The US Department of Homeland Security (DHS) has requested industry feedback about the feasibility of developing passenger self-screening stations at US airports.

“Just like self-checkout at grocery stores, self-tagging checked baggage or ATM machines, many patrons prefer an experience that they can complete all by themselves, at their own pace. Personal screening stations would increase the overall passenger screening throughput,” the DHS said in a request for information (RFI) issued Nov. 5.

The solution envisioned by DHS would be deployed in conjunction with an X-ray system and automated screening lane. It would be able to inspect concealed items while providing real-time feedback for passengers who trigger the system’s alarms. For passengers who are unable to resolve the alarm by shedding additional belongings, a TSA officer would then be made available to identify and resolve the issue.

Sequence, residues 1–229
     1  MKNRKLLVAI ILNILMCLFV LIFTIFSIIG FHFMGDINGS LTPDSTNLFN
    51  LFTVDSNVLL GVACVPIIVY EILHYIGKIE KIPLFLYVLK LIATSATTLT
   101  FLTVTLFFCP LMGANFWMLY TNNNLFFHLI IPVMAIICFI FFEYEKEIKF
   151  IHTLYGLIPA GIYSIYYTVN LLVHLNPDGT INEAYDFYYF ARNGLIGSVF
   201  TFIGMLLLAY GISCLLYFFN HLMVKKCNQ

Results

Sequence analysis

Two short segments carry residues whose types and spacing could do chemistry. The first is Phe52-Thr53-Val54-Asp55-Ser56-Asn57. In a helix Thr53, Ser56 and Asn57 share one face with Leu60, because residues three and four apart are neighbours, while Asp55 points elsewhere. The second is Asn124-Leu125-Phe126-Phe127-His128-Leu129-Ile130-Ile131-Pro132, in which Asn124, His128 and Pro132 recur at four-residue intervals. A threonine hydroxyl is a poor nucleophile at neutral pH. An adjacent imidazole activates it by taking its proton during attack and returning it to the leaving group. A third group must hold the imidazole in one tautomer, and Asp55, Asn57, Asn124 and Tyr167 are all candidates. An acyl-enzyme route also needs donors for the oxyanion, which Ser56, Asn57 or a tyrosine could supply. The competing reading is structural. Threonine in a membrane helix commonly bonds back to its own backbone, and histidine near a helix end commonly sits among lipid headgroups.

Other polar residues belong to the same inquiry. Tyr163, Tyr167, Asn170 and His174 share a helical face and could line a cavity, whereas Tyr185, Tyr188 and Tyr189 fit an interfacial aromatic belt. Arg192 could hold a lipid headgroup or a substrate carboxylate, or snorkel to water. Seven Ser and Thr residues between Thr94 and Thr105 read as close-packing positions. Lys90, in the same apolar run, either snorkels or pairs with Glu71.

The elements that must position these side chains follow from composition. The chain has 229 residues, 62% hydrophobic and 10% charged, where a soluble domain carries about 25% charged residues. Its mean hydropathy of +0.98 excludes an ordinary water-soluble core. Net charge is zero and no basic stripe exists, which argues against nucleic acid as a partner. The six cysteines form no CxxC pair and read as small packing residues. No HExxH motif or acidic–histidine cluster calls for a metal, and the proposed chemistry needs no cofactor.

Because passengers would mostly be able to resolve alarms themselves, the automated screening concept would reduce the number of pat-downs and secondary screening procedures, freeing up agency resources and reducing congestion at airport security lines. “The objective would be to create a passenger friendly, intuitive screening process while improving security, accelerating passenger throughput, and reducing pat-down rates,” the department said.

If successful, DHS expects the self-screening stations would first be deployed for TSA Pre-Check members, before being expanded to the general public. Interested stakeholders will have until Dec. 4 to respond to the RFI with information related to technology, costs and feasibility of developing the solution.

Ben Goldstein, Ben.Goldstein@aviationweek.com